The call for greater variety (eg, a preference for differences in dance styles) in session content highlights the complexities of implementing interventions in distinct settings. Settings-based approaches to PA interventions have been highlighted elsewhere.32 ,33 These findings support the need for a more ‘context based approach not only during data collection, but also for defining basic research constructs and questions’.34 Findings highlight the significance of ensuring variety in session content and for influencing participation and attendance across schools. Different dance styles appealed to different girls. While the programme set out to offer girls input into dance styles, music and pace of progression, the effectiveness of this approach relies on employing dance instructors who are willing and able to teach a range of dance styles. While this was largely the case in the BGDP, it is important that the recruitment of intervention deliverers ensures that their skills allow them to deliver the planned content and be flexible to input from the participant group. The group work component of the intervention was valued by participants and dance instructors as it fostered ownership of the project, helped the instructor cope with various levels of competence within the group, developed girls’ leadership skills and mitigated against inconsistent attendance. This finding is consistent with the broader literature associated with the principle of relatedness within Self Determination Theory.35

Parents were identified as an important source of support for behaviour change that was not utilised in this study. This finding is consistent with previous work which has identified parents as a potentially important feature of PA behaviour change.36–41 Parents represent a potential ‘lever’ that can be used to influence the PA levels of children, and as such work that specifically focuses on how to engage parents in providing positive support for extracurricular PA programmes is warranted.

School culture impacts on the intervention delivery

Through our extensive engagement with school contacts, dance instructors, and girls, we observed (but did not formally assess) an implicit school ‘ethos’ or ‘culture’ which affected the intervention delivery and may have influenced the themes discussed above. The main school culture factors that appeared to affect the acceptability of the study were the school's organisational structure and communication between staff, the school's expectations of pupil behaviour and attendance, and the role of the school contact. When approaching schools to recruit participants, differences in attitudes were discernible from the outset, with some schools having a room booked and time set aside, and others forgetting the meeting had been arranged. Intervention logistics were also affected by distinct school cultures. Prior to recruitment, schools specified the days that intervention sessions would run so at the point of recruitment all girls knew the time and days on which they would receive dance sessions. In one case the school contact changed the days on which sessions ran. This school had the lowest average attendance, in part because many participants were not able to attend on the rescheduled day. Additionally, the same school contact set up a competing after-school club on the same day as the revised sessions. On paper, all schools encouraged consistent attendance, but in reality the expectations on girls varied widely between schools (Personal communication, S J Sebire, et al, 2016). Some school contacts expected girls to attend and were proactive in their approach in supporting them to do so. Others felt that their lack of familiarity with the girls made it difficult for them to encourage them, resulting in fewer, more ineffective attempts. All issues discussed above are reflective of the heterogeneity in the ethos of the participant schools. The findings highlight the fundamental importance of being aware of, and accounting for, the diversity of schools’ needs in planning after-school PA interventions.42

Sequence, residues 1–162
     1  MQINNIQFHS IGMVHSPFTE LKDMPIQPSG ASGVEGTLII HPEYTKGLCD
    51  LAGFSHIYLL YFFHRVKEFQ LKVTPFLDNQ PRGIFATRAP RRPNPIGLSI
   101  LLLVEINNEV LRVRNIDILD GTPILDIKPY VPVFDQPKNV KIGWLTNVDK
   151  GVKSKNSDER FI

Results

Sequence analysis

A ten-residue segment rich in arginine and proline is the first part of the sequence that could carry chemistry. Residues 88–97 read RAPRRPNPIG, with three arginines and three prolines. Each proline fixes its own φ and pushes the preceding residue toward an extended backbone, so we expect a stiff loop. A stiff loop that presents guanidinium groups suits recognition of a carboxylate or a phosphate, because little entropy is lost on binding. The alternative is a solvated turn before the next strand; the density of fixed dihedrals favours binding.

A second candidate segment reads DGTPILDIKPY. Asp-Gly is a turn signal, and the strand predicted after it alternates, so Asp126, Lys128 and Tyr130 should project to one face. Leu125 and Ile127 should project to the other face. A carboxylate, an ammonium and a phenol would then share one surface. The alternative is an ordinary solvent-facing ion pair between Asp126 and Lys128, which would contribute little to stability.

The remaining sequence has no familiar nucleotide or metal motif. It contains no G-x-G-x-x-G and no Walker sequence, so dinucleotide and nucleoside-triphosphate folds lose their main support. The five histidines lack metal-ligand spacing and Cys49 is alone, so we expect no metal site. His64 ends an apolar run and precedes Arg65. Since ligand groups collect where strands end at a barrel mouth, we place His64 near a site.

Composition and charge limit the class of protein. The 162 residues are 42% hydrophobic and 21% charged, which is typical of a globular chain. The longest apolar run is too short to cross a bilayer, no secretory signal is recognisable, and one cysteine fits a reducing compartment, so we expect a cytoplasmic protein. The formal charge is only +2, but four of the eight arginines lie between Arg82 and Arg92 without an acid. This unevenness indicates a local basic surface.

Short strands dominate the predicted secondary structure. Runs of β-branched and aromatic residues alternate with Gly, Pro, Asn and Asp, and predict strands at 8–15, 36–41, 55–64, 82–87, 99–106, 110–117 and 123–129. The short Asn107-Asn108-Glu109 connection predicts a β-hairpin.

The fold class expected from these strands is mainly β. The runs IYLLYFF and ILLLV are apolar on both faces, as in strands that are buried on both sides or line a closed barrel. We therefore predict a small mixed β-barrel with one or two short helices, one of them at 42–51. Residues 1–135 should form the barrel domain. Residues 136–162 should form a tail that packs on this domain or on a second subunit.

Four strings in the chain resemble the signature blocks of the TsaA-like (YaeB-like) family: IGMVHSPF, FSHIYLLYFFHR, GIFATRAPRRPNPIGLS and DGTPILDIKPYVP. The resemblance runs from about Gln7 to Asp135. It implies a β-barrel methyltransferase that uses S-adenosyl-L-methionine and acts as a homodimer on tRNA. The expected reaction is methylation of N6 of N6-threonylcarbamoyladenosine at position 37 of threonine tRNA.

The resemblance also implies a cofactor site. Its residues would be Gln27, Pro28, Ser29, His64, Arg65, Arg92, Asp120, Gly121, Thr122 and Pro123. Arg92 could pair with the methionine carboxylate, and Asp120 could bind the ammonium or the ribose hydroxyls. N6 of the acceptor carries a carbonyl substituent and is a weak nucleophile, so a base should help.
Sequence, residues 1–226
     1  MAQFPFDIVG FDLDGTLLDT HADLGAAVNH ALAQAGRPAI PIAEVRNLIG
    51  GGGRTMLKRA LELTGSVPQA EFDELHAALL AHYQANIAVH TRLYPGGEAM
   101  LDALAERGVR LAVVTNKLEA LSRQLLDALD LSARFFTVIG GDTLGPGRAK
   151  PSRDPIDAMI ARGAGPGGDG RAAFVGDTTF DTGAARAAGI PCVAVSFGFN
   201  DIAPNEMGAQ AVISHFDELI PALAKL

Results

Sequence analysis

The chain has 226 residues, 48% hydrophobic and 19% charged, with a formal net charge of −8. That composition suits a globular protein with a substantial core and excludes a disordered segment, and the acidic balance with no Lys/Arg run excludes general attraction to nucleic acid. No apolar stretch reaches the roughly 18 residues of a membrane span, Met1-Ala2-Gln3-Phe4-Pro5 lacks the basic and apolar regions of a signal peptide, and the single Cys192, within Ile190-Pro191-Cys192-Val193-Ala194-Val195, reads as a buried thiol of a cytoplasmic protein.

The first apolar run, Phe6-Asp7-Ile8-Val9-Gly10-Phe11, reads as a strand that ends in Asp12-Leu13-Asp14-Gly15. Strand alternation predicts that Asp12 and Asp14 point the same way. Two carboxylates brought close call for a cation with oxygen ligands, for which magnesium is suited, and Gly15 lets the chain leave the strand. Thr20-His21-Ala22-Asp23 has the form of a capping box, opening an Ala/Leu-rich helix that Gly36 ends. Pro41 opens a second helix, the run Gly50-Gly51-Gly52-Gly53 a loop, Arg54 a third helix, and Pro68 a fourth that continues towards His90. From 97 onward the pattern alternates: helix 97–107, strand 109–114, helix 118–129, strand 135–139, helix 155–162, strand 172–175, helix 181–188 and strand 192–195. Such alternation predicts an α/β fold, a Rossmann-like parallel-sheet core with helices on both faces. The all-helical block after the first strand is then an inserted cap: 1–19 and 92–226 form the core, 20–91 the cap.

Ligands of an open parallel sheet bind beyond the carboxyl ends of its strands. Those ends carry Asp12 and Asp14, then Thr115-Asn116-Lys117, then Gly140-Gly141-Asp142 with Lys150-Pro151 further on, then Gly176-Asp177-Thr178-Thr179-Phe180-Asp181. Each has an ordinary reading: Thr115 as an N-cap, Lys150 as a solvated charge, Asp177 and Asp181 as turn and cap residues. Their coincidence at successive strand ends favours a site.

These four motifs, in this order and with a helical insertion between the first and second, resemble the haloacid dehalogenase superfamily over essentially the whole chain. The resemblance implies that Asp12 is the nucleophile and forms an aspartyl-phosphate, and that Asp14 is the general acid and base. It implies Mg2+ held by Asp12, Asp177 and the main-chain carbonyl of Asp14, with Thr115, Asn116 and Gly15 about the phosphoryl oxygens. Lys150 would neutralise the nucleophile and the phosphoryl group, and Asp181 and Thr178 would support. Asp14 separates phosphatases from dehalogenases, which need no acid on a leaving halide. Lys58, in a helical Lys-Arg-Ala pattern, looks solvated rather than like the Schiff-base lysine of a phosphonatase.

We encourage researchers to give greater consideration to the ‘school context’.21 Determining what contextual factors are important for a given study are difficult to establish preintervention and any formal assessment of the impact of school context will be difficult. Researchers should keep field notes of interactions with school and record issues that facilitate or hinder the study and intervention. Such a pool of knowledge from different studies and contexts may be the foundations on which more formal assessments of school context can in the future be made.

Strengths and limitations